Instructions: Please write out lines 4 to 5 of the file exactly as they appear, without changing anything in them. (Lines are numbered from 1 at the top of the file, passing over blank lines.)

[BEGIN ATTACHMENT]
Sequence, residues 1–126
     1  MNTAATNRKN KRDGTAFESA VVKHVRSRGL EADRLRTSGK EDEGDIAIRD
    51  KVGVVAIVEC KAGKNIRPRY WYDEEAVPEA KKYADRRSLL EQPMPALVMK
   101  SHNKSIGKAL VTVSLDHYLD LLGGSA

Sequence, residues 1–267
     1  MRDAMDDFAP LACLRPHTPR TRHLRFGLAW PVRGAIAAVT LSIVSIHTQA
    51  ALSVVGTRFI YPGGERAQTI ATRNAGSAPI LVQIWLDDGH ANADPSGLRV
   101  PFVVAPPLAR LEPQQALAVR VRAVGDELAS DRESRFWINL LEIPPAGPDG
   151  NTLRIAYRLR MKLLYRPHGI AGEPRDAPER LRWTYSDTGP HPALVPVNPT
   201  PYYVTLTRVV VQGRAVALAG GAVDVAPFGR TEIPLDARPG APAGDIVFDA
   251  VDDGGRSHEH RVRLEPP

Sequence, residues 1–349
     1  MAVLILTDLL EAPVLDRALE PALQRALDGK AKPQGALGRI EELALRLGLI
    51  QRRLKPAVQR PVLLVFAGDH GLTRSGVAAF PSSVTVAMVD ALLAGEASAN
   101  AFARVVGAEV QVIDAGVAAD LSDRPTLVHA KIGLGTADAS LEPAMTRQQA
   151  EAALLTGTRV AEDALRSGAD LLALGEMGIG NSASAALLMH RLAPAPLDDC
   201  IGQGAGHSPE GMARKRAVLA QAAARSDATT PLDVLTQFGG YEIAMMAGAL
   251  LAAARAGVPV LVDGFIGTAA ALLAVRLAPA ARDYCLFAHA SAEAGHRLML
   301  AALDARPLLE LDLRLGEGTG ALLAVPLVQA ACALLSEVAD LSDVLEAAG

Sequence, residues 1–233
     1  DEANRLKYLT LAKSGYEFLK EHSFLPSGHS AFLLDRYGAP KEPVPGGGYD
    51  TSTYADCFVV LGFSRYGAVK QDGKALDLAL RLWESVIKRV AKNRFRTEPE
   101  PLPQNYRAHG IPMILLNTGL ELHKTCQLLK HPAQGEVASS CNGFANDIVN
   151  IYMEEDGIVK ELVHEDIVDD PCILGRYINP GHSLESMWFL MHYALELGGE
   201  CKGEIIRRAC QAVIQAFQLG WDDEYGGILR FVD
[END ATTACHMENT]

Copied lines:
   101  SHNKSIGKAL VTVSLDHYLD LLGGSA

Sequence, residues 1–267